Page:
Scores on the Scholastic Assessment Test rose for the first time in four years in the Los Angeles Unified School District. But the slight increase did not bring the district back to its 1991-92 level, and left it farther behind state and national averages.
Such mixed results are viewed as a partial victory in the urban district, where test takers are twice as likely as their peers statewide to come from non-English-speaking families that tend to be poorer and less well-educated.
For the Record
Los Angeles Times Saturday August 24, 1996 Orange County Edition Part A Page 4 Metro Desk 1 inches; 34 words Type of Material: Correction
SAT scores--An article and chart Friday about Scholastic Assessment Test results incorrectly listed a score for Kennedy High in the Anaheim Union School District. Its students scored 546 on the math exam, a 16-point increase over last year.
"What we're seeing here are the embryonic results of our reform efforts," said Ruben Zacarias, deputy superintendent of the 660-school system. "Although we're pleased that we're showing some improvement, we're not at all satisfied with the overall results."
In other Los Angeles County districts, there were also signs of high achievement. In the San Gabriel Valley's Glendora Unified School District, for example, scores topped both the state and national averages, with a 520 score in verbal and 534 in math. But in the Centinela Valley Union School District, which encompasses the communities of Hawthorne and Lawndale, the scores were 424 in verbal and 442 in math, 60 to 70 points lower than the state and national levels.
In Los Angeles Unified, the district's combined verbal and math scores were 880 points in 1995-96, up from an average of 873 the year before but still trailing the 1991-92 combined score of 890.
When broken down by school, the results were sometimes predictable. Two suburban schools landed in the top echelon, with Van Nuys High achieving the district's top scores and the Sherman Oaks Center for Enriched Studies registering the biggest improvement on the verbal portion of the test over the past five years.
Yet there were encouraging trends at some inner-city schools as well. Jordan High in South-Central Los Angeles experienced the largest five-year jump in math scores and Lincoln High just east of downtown showed the biggest one-year increase in both the math and verbal portions of the test.
At Jordan, Assistant Principal Janet Salem attributed the improvement in math scores to the phasing out of remedial classes--which the school began eliminating three years ago--and to the campus' increased emphasis on college prep courses for all students.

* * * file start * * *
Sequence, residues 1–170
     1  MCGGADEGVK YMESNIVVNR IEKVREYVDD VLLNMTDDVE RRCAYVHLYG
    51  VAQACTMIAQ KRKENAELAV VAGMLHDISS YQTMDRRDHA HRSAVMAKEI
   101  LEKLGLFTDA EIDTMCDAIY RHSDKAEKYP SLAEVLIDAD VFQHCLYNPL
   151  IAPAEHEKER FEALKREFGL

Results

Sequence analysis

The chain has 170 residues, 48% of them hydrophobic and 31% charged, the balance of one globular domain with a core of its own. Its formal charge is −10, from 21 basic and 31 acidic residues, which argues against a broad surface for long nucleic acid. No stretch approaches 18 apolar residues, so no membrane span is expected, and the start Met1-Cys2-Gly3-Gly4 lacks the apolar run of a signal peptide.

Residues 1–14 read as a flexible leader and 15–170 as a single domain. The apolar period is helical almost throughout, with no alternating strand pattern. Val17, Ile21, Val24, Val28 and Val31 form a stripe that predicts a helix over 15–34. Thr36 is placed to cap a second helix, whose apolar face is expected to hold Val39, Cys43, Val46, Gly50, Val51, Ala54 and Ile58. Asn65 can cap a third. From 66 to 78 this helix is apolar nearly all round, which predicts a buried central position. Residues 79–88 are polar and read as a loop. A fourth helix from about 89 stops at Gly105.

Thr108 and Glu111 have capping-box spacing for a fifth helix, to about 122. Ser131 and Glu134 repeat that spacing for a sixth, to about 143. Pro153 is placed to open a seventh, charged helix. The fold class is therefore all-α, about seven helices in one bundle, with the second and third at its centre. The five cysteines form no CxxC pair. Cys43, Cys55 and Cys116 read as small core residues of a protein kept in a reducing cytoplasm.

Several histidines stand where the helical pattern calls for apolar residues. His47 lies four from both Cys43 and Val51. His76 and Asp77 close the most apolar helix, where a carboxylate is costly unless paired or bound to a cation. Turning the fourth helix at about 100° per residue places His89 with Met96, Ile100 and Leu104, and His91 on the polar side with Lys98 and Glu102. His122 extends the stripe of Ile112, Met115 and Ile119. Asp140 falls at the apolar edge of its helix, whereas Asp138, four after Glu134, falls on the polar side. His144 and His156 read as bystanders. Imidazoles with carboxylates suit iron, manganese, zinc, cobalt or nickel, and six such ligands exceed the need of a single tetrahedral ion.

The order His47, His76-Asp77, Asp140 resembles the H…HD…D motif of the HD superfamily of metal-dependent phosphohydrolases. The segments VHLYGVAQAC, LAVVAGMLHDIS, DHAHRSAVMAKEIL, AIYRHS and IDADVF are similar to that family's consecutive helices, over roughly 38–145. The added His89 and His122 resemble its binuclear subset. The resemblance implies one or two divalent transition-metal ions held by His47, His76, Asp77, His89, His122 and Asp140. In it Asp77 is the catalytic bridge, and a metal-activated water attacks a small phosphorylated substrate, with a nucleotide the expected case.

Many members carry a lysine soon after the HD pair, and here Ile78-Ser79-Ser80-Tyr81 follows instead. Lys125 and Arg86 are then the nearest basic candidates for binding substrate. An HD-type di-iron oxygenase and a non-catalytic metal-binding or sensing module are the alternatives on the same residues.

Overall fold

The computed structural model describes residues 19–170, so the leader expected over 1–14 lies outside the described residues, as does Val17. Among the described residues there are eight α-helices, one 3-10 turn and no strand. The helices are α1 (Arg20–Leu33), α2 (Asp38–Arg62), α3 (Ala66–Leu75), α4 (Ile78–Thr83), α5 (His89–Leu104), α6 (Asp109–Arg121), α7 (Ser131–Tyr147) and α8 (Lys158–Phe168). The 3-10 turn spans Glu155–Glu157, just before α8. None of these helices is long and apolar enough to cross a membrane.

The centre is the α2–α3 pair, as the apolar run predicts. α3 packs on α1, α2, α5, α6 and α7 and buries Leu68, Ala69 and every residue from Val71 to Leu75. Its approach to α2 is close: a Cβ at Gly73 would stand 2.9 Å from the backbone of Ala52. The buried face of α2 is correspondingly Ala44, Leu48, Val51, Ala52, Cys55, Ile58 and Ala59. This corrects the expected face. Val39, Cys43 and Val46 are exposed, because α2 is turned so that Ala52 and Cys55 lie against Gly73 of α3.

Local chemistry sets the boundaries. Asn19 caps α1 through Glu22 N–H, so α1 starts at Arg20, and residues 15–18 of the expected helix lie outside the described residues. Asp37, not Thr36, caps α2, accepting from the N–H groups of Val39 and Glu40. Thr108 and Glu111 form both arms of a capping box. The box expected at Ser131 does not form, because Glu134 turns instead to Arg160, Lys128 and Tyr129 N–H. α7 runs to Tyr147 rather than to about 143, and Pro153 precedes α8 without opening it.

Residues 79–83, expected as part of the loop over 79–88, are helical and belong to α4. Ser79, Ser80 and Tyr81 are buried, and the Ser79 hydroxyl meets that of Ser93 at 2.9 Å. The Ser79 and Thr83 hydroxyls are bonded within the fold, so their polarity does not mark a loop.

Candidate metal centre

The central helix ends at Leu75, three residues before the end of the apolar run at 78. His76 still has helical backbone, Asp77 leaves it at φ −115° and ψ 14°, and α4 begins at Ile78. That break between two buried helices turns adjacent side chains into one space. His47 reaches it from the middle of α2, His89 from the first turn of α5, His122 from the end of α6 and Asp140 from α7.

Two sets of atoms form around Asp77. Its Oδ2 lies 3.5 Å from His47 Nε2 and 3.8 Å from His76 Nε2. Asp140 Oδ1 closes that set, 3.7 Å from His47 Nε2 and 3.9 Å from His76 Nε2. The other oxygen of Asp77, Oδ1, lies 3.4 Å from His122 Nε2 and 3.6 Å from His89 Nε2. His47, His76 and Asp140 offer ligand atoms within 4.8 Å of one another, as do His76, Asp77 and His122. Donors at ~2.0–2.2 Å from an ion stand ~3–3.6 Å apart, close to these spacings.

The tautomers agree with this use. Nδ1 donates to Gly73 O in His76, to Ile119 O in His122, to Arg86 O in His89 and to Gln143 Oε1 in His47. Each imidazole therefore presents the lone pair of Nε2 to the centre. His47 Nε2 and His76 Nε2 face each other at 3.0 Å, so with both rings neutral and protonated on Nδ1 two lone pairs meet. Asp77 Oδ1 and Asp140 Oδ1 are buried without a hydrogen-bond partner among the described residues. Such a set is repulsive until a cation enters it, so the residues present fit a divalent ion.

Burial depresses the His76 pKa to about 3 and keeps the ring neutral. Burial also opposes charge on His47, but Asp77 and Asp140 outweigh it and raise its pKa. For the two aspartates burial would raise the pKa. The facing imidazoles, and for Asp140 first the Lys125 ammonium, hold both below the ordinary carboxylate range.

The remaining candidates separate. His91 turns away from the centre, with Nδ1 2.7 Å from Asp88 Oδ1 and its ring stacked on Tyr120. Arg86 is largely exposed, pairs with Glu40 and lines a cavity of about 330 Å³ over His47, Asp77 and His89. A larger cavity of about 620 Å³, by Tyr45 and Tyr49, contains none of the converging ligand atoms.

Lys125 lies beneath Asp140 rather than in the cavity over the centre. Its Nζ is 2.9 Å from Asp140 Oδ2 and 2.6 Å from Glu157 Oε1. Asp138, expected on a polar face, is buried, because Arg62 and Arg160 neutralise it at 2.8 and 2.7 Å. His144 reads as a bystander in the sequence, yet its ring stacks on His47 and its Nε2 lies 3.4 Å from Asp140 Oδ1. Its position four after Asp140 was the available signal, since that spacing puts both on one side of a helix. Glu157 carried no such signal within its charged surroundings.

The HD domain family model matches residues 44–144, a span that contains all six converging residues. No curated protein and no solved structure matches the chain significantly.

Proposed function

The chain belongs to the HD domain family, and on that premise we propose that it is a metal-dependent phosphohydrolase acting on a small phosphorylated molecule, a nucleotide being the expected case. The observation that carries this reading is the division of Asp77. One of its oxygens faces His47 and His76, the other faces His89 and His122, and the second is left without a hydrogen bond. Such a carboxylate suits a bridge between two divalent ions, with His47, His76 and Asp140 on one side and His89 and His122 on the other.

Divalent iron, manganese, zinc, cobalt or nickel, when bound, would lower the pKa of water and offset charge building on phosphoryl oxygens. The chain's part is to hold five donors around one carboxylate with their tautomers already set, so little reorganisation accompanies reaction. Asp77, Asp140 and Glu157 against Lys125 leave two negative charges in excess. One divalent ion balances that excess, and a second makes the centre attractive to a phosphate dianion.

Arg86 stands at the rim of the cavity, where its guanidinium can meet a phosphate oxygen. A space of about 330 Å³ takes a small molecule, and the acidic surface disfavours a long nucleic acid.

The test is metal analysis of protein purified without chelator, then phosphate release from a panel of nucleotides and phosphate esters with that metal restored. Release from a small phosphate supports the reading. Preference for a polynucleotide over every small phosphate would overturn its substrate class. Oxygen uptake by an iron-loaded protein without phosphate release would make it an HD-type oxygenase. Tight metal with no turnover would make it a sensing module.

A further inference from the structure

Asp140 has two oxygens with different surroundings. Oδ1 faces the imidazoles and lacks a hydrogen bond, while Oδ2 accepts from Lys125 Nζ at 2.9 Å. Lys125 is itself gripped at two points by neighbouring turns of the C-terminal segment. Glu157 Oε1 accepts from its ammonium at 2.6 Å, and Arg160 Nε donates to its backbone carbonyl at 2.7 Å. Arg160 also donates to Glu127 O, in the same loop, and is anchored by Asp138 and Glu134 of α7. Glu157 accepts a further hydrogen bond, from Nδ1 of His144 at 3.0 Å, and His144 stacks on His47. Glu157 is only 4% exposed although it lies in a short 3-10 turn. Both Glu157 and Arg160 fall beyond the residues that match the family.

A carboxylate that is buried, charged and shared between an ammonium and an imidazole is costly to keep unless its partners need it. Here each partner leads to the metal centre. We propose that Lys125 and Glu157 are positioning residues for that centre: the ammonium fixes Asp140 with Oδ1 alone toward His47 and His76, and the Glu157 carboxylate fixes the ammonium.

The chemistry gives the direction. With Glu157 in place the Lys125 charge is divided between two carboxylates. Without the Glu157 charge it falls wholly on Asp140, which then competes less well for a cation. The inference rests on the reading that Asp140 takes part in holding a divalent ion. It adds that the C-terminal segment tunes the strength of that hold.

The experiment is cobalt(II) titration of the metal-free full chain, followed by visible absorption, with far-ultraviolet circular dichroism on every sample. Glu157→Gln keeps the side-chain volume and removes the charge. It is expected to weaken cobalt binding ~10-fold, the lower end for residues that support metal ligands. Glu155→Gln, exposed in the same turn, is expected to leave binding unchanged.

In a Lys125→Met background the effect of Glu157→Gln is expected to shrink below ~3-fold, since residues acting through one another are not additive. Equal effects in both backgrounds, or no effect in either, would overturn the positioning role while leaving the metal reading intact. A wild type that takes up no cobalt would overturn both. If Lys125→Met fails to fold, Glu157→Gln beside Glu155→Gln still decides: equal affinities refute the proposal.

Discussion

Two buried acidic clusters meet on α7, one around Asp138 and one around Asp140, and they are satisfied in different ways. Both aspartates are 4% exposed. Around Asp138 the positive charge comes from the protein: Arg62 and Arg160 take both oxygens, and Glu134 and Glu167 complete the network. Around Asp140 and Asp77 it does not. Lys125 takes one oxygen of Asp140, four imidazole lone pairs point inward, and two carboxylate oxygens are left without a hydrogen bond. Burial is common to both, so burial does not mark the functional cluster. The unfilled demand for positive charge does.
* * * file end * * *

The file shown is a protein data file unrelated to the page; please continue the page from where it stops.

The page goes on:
"The idea is you're learning in any class so you might as well be learning at a higher level," Salem said. "It's exciting to build and see some results."
Salem is the first to acknowledge that Jordan has a long way to go. The school's average combined math and verbal score of 712 is among the district's lowest and would keep many students out of competitive four-year colleges.
The chronically low standardized test scores at Jordan and other inner-city schools may reflect the large number of students who begin school speaking Spanish and struggle with English throughout high school, Salem said. But she also complained that the College Board exams do not adequately assess her students' abilities.
Statistics about those Los Angeles Unified students who took the SAT offer a glimpse of the challenges facing even the district's top students--those who have set their sights on college.
* Two-thirds of the local SAT takers started school speaking a language other than English, compared with a third statewide and less than 20% nationally.
* One out of three of the students have parents who did not graduate from high school, compared with one in 10 in California and one in 25 across the United States.
* Two-thirds of Los Angeles Unified students reported annual family earnings of less than $30,000 a year. That is more than twice the proportion of students reporting that income level nationwide, even though the cost of living is higher in Los Angeles than elsewhere in the country.
Even where test results improved, the College Board report identified some troubling areas.
At Lincoln High, where average verbal and math scores each rose 25 points, to nearly 800 points combined, the number of students taking the basic college entrance exam has decreased every year for the past five years.
"That is of great concern and . . . I want to take a closer look at it," said school board President Jeff Horton, a former high school English teacher. "I've always said the average score doesn't help a student, but taking the test might help that student."
Los Angeles exceeded the nation in the percentage of seniors taking the SAT. Nationwide, 41% of seniors took the SAT, while at the 53 Los Angeles high schools and magnet schools in the report, 43% took the 1995-96 test, a slight dip from the 44% tested five years ago.
But many campuses had greater declines, and the phenomenon was not limited to inner-city schools.
At Van Nuys High, the district's top scorer on the SAT with a combined math and verbal score of nearly 1,100 points, 10% fewer students took the test this year than the year before. Assistant Principal Sandra English was hard-pressed to say why.